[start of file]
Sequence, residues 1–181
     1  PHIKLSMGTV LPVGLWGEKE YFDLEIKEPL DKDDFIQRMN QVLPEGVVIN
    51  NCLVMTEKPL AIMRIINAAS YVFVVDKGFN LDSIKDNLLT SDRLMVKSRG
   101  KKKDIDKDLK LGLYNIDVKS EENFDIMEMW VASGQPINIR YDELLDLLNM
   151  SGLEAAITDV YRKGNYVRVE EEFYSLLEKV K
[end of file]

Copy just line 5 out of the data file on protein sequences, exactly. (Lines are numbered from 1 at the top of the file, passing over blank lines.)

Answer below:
   151  SGLEAAITDV YRKGNYVRVE EEFYSLLEKV K